Updated: Mar 1
If you are suffering from fatigue and low energy then it's all too familiar to be dragging through your day feeling groggy and foggy. No matter what you try, nothing seems to help. Coffee and energy drinks make you feel jittery and even more on edge and the sugary foods that you crave cause you to crash and burn soon after you indulge. You are so tired in the afternoon that all you can think about is falling into bed for a nap but you also know when you do go to bed at night and try to fall asleep your busy, wired brain will kick in and leave you tossing and turning all night dreading the early beeping of your alarm. And then...wake up and repeat.
As you start realizing that maybe you have lost your mojo--that energy, excitement, creativity, zest for life, joie de vivre-- you once had, you think it's just a normal part of 'getting older' or 'adulting'. After all, you have so many more responsibilities, stress, and worries than you had when you were younger flying along by the seat of your pants with the world as your oyster and tons of endless energy.
But now the things that once made you wake up excited for the day feel draining and overwhelming. You lack motivation and dread the to-do list of your day's activities. This puts you in a bad mood and leaves you feeling less inspired, less creative and less productive. Your energy feels depleted and scattered. You feel more and more disconnected from your body and mind. You fear that your friends, family and co-workers will judge you as being lazy because you are too tired to do the social and fun things you used to enjoy doing. It's as if you are putting your life on hold while you're telling yourself you will feel better the next day...but, you don't. Why are you feeling this way and will it ever end?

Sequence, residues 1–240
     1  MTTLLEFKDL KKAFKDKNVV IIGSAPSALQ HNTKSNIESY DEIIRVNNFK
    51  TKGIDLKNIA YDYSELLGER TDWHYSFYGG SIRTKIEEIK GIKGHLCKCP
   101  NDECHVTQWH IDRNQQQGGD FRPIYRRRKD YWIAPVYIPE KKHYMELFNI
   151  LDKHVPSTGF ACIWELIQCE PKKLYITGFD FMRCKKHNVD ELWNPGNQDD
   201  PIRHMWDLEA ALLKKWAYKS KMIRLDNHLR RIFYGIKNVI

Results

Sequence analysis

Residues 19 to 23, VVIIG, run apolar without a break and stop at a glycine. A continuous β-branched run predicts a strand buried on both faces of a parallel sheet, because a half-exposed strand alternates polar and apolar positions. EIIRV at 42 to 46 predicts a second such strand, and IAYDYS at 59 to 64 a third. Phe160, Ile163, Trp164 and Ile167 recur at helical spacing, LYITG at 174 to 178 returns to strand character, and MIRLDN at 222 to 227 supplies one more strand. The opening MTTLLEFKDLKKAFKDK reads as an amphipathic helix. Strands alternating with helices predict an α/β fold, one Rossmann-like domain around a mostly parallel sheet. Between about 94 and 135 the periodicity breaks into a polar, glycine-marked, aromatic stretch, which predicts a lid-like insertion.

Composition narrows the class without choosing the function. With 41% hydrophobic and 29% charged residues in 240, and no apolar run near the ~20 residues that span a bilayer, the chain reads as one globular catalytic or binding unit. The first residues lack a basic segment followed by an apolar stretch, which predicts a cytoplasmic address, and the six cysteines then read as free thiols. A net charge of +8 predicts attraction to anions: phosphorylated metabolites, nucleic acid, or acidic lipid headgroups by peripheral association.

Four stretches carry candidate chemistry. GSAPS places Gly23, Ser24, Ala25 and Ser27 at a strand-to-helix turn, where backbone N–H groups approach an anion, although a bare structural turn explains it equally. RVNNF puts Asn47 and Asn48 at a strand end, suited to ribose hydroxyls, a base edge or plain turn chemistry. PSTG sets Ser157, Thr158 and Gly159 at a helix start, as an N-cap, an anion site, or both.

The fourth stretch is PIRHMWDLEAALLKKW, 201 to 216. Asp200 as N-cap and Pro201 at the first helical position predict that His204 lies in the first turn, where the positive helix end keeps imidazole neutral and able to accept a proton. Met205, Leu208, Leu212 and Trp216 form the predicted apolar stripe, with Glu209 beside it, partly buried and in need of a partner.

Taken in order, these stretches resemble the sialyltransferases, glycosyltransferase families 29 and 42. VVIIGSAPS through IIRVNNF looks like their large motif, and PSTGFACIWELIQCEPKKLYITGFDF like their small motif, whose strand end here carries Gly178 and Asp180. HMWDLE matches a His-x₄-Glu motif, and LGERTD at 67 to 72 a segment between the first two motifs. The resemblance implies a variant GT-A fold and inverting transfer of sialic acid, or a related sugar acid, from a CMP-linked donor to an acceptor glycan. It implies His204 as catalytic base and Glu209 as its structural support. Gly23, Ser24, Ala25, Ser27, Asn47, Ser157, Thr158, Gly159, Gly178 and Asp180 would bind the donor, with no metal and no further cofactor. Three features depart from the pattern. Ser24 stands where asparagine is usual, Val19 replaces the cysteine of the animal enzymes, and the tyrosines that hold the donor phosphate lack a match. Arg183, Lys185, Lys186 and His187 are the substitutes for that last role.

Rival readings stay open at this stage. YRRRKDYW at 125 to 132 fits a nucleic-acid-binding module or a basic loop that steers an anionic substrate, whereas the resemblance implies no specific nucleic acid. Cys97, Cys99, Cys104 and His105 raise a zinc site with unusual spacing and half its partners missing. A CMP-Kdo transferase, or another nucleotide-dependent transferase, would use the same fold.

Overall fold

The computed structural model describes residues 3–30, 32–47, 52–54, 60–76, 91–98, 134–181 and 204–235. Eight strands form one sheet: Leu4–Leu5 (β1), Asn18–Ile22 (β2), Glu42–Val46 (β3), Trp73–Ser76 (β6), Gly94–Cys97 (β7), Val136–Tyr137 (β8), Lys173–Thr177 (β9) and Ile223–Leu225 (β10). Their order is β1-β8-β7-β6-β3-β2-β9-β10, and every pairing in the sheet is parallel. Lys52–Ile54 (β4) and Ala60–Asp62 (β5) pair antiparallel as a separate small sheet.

Fatigue has become a common health issue. It is one of the most reported medical complaints that patients bring to their doctors. And, it is very important to do some investigation to get to the bottom of what is causing you to feel chronically exhausted.
First, you need to visit your primary care physician to rule out serious medical conditions that cause fatigue such as diabetes, cancer, heart disease and sleep apnea. This is necessary because you must know what you are working with.
If you have had chronic fatigue for some time, you may also want to rule out infections or viruses like Lyme Disease or the Epstein-Barr virus.
There are usually quite a few factors working simultaneously to contribute to your condition. Eventually all causes must be addressed and eliminated in order for you to completely heal. Even if you only have minor fatigue issues, it is very important to look at all aspects of your lifestyle and health in order to regain your energy to live your best life.
Common causes of fatigue
Poor diet/ nutrient deficiencies
Blood sugar imbalances
Circadian Rhythm disruption
As you can see there can be many causes of fatigue that you need to explore in your life to see what factors are playing a role. Remember, it is usually a combination of a few of these that you will need to eliminate. As these causes are affecting you all the way down to a cellular level, you will need to use nutrition and lifestyle techniques to address this dysfunction.
When lack of energy and feeling exhausted becomes chronic in your life, it is time to do something about it. Uncovering the root cause or causes of your fatigue is the first step.
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About the Author
Kristi Ryan is the founder of Kristi Ryan Holistic Nutrition and the creator of the Abundant Energy Method for Busy Women. As a holistic nutrition and health coach specializing in energy wellness she supports, educates, motivates and empowers busy women with nutrition, mindset and lifestyle transformation using her proven methodology to bring abundant energy and vitality into their lives.
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Disclaimer: The information I share is for general information only and is not intended to replace medical advice. I do not diagnose, treat or cure disease, prescribe treatments or medications, or recommend medical treatment or surgery. You should speak to your physician prior to making any changes to your diet, lifestyle, exercise or medications or acting on anything you have read or discussed with me. If you don’t, you are doing so at your own risk.
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